This is typically done with nuget packages in .NET, working with that ecosystem is probably the best step up from referencing projects directly, with the benefit that you can update your library without breaking your existing code that uses it via version pinning.
Option 2 is better and there are objective reason for this. And yes, the approach can be improved.
More details: why option 2 is to be preferred
Option 1 lacks separation of concerns. What does this mean?
Imagine that one day your project could afford to hire a team, with an expert of serialization, another specialist for iteration, and a guru ...
Is it just a matter of personal preference or is there a reason why to choose one solution over the other ? (or a completely different approach).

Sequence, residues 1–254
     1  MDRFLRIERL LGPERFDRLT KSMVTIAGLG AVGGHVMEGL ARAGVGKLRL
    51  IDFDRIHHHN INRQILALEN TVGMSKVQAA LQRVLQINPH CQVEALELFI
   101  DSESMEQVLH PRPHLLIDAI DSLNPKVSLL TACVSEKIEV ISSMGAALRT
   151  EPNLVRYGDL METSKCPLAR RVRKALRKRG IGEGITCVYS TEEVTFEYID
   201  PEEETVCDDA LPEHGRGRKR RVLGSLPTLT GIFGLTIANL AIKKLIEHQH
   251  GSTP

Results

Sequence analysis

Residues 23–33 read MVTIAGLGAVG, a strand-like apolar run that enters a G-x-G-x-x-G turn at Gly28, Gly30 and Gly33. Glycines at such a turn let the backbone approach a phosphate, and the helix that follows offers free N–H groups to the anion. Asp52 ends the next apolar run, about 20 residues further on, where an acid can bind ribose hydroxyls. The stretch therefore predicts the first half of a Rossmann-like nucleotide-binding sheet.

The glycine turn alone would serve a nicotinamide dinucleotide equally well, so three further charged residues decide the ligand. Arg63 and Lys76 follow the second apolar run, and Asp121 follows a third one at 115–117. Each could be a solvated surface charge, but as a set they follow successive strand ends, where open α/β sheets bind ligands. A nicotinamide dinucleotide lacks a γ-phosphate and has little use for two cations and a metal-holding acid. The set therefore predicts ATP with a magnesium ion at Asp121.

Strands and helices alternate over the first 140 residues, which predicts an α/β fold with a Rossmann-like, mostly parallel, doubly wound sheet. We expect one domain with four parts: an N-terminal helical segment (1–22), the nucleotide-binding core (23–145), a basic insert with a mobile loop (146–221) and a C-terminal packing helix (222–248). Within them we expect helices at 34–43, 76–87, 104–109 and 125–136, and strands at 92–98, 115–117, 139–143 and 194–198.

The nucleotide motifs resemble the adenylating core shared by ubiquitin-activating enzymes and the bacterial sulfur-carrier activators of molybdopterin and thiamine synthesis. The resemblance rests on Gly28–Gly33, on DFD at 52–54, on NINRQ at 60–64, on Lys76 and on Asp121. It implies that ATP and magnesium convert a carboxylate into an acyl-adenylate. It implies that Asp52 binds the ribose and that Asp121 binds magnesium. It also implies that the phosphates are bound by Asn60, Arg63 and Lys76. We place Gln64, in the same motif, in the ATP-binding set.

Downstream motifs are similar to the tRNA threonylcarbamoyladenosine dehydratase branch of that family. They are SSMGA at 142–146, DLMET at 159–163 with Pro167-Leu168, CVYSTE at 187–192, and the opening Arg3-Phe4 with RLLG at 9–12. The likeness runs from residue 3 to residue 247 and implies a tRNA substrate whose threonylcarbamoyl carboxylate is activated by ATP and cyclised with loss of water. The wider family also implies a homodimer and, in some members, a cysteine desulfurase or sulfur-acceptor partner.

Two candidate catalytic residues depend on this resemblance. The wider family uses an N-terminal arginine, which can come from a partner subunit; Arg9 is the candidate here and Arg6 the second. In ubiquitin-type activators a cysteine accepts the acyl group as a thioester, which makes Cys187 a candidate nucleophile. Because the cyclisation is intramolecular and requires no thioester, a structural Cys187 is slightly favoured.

No, that's not a matter of personal preference.
It's always better to have the several components being implemented in separate header files (as you suggest for your 2nd solution).
This will increase
Your suggestions for true and false make them unsuitable for use in #if preprocessing macros, something that the language standard specifically mentions.
One reason to not have bool built in is the volume of existing code that defines a bool type or macro. Having bool be a built-in type would break this existing code.
Yes, this is a version of command query separation where your DAL implements the separation of the commands and queries.
Refactor your DAL to take two connection strings and run the commands against the updatable DB and the Queries against the read only db.
In practice I'm not sure how much of an improvement you will see. If you are only doing a few ...